Recently, Ministry of Commerce and Industry (Department of Industrial Policy and Promotion (DIPP)) issued out Draft of proposed Rules for Trade Marks. The proposed draft rules are open as of now to receive objections and comments from the concerned person, which shall be taken into Consideration by the Central Government. The draft rules proposed significant changes in the Government Filing fees and the Format of Forms for Trade Mark Prosecution.

The Draft Rules proposes to increase the fees through Schedule 1, to mention a few, Trademark filing fees for each class is proposed be Rs. 8000/-, renewal charges to be Rs. 10,000/- each and request to make entry of the mark as well known mark proposed to be Rs. 100000/-. Schedule 1 of the proposed rules clearly mandates the preference to online filing instead of physical submission wherein the physical filing of forms would cost more to the applicants as compared to the online filing which indeed give rise to the online filing of the applications. Further the draft rules proposes significant change in the format and numbering of the Forms wherein the Form would be identified on alphabetical manner such as Form A, Form B instead of the present numerical as Form TM 1 and so on. The Format seems to be more systematic and seems to be a good move.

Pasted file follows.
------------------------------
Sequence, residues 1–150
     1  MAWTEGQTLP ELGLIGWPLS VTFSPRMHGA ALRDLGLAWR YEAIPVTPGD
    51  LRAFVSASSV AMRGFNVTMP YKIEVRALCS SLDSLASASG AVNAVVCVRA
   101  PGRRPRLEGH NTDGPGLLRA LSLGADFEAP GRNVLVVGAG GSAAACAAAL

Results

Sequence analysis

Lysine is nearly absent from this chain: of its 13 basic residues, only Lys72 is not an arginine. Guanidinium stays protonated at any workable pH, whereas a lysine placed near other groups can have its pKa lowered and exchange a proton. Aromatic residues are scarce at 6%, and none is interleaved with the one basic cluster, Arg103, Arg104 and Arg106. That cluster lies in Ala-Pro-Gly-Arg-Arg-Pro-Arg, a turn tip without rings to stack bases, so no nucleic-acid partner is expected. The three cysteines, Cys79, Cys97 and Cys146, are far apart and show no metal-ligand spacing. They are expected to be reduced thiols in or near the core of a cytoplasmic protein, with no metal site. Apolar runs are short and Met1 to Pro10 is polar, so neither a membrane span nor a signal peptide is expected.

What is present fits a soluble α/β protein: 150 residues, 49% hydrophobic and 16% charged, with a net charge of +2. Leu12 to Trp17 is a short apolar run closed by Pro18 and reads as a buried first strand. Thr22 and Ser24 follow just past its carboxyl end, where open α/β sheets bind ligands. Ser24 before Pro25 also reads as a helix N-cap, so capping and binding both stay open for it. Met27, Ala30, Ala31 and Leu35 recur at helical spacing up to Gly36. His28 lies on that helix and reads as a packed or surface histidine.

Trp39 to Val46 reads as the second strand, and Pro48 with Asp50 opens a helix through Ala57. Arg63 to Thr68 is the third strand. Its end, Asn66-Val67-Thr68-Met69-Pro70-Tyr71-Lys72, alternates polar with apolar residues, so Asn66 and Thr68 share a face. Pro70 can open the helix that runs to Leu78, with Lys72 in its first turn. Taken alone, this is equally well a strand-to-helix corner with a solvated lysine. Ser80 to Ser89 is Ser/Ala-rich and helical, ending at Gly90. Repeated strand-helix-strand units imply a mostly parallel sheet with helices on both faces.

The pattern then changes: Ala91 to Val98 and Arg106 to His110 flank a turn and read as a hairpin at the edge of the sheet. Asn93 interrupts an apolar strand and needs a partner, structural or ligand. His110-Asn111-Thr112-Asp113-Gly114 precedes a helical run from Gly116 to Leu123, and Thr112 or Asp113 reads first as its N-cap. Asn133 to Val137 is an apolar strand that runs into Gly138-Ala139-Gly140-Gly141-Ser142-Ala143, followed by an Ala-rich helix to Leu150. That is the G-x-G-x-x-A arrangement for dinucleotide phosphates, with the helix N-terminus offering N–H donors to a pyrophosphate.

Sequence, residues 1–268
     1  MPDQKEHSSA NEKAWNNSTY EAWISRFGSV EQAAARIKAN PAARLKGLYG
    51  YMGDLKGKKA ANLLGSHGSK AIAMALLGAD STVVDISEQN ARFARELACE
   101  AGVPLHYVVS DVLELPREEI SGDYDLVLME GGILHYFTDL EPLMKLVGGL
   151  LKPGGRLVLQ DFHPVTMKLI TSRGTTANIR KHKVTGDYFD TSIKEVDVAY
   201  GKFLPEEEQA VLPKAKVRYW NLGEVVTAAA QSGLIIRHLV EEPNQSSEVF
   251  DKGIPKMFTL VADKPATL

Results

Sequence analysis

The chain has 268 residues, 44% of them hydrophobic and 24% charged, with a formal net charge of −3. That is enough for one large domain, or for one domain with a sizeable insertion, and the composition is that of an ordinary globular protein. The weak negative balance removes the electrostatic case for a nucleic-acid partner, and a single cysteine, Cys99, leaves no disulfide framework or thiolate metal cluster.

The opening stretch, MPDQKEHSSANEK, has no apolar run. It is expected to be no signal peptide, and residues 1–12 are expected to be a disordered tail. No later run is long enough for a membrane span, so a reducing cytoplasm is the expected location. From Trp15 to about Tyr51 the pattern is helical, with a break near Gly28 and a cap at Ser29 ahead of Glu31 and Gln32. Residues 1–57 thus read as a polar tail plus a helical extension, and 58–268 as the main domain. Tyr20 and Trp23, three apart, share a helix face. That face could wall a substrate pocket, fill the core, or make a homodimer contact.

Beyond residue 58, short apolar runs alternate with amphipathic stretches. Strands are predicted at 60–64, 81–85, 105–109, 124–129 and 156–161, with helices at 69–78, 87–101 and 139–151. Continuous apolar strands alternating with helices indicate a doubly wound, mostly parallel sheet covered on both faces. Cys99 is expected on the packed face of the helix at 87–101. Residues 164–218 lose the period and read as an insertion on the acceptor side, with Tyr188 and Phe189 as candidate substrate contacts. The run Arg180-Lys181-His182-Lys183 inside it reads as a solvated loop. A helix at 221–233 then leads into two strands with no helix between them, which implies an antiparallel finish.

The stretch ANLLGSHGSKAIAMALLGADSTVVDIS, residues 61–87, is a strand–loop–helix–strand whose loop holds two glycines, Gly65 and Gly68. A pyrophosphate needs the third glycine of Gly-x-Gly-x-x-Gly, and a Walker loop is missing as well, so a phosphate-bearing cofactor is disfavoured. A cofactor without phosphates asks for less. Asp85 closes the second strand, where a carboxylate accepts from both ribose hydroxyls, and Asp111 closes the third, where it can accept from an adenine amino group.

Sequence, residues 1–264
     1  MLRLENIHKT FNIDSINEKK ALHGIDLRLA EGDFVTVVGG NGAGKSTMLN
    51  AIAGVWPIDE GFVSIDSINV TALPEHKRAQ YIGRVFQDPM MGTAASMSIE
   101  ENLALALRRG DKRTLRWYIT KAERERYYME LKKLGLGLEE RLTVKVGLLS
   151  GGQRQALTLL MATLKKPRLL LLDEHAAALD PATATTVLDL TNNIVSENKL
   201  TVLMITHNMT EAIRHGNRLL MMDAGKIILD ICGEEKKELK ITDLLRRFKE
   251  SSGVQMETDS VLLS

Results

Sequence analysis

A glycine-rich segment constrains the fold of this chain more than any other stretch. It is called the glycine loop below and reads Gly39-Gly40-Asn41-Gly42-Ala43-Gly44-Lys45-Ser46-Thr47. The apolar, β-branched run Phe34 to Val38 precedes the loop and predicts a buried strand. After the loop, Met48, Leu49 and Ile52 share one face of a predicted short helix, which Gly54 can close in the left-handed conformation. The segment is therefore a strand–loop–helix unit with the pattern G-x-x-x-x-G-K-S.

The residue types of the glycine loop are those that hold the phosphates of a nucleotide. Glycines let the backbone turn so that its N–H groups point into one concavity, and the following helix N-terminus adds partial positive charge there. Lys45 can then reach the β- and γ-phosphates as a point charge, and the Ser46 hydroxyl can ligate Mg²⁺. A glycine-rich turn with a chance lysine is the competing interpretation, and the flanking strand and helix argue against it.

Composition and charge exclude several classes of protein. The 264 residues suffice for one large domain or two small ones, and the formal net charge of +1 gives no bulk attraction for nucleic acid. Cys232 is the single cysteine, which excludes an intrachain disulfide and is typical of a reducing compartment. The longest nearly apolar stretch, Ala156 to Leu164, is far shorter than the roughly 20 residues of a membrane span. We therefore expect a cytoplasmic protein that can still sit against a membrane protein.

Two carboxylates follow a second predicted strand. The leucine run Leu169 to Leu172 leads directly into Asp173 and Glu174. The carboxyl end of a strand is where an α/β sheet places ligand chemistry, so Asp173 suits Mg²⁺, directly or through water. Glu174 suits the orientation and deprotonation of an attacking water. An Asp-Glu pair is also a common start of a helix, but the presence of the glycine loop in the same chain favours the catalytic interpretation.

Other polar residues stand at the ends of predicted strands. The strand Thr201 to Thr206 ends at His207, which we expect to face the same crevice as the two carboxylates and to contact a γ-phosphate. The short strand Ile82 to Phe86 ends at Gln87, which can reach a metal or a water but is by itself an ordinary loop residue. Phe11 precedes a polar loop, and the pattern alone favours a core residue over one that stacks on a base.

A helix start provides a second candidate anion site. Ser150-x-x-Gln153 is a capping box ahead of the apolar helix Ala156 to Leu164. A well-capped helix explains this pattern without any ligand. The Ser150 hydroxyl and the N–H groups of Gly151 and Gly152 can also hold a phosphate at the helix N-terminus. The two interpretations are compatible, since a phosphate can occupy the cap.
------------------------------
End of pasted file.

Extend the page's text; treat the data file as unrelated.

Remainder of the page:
The draft rules also proposes the provision for Sound marks under Rule27 (5) which provides that the Sound marks are to be submitted in MP3 format along with the graphical notation of the same.

The draft rules also propose to provide discretionary powers to the Registrar under Rule 127 to determine a mark as Well Known mark upon application filed requesting for such determination. However it would be interesting to note that what will be the criteria to determine the trademark is well known, in the absence of any stipulations by the proposed rules and possibly it shall be governed by the precedents in that regard. Proposed draft rules may be accessed here.

Thus it can be concluded that the main highlight of the proposed draft rules mainly is the increase in fees and format of Forms to be filed. However it would be interesting to note the effect of such increase in fees upon the timeline of the prosecution and efficiency in quick disposal of the pending applications.

About the Author: Mr. Abhijeet Deshmukh, Trade Mark Attorney, Khurana & Khurana, Advocates and IP Attorneys and can be reached at: